Dec 06, 2011 06:35 PM

Beijing Officials Mum on Air Quality Readings


(Beijing)—In the face of growing citizen concerns over Beijing's air quality, government officials are refusing to release any additional data collected from their air quality monitors.

On December 4 and 5, thick smog descended on the nation's capital, prompting Beijing officials to cancel hundreds of flights and shut down a few major highways.

Similar incidents during October and November inspired one man named Yu Ping to send a formal request to Beijing Environmental Protection Bureau on November 19, asking for monitoring data on atmospheric particulate matter smaller than 2.5 microns in diameter. Particles at this size can have a significant impact on air quality and visibility, and can cause significant harm after traveling deep into the respiratory tract into the lungs. 

In a written reply on December 2, the bureau refused to provide the information Yu requested, saying that PM 2.5 is not yet on the list of particulates requiring public disclosure, as per China's Ambient Air Quality Standard. Data on that class of particles is also unreliable for assessing air quality, the bureau said. 

On the afternoon of December 4, the U.S. embassy in China tweeted that Beijing's air quality index (AQI) was 533, which it labeled "beyond index." The U.S. Environmental Protection Agency generates AQI measurements by converting its PM 2.5 readings.

In contrast, Beijing's environmental protection bureau at 3:57 p.m. December 4 forecasted that the capital's AQI would be in the "slight pollution" range of 150 and 170 at 8:00 p.m. that day, as well as 8:00 a.m. the next day.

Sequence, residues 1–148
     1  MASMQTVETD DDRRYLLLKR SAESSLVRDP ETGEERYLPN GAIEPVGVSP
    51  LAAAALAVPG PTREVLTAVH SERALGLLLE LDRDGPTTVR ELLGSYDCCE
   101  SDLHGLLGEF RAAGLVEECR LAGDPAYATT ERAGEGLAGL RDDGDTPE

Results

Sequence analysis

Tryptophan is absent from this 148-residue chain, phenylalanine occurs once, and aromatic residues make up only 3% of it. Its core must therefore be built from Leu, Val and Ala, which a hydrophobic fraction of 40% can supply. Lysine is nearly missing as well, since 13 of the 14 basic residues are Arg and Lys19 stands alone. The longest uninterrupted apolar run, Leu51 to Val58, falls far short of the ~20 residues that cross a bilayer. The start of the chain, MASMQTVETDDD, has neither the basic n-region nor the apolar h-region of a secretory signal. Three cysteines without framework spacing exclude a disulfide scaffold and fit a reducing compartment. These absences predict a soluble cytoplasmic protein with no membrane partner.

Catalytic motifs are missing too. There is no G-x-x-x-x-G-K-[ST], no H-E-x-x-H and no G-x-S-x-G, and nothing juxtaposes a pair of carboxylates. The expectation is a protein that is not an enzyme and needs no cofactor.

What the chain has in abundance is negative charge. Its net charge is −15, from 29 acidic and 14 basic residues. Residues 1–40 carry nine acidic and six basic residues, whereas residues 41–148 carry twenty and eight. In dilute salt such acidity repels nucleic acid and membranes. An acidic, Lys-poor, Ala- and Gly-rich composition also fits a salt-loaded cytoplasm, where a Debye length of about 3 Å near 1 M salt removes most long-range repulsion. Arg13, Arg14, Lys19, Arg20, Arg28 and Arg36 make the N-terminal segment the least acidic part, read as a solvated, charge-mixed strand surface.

"As there is a big controversy about the difference between official and public data on Beijing's air pollution, I've sent my requirement in writing by express delivery to the Beijing Environmental Protection Bureau and have asked them to disclose PM 2.5 readings between October 1 and November 18," said Yu Ping in a November 19 microblog post, with an accompanying picture of the express delivery package containing the request, Southern Metropolis Daily reported. 

Two days later, the Environmental Protection Bureau called Yu, saying that the data would not be revealed because PM 2.5 readings are only meant for scientific research.

Government transparency laws enacted in March 2008 entitle citizens to search for and request public information from government bodies. According to the regulations, public authorities must reply on-site when receiving requests, or otherwise issue replies within 15 days. 

"[Environmental Protection Bureau] Deputy Director Du Shaozhong previously said that he is willing to compare Beijing's PM 2.5 readings to that of the U.S. embassy's," Yu said to Southern Metropolis Daily, "If foreigners can see these statistics, why not Chinese?"

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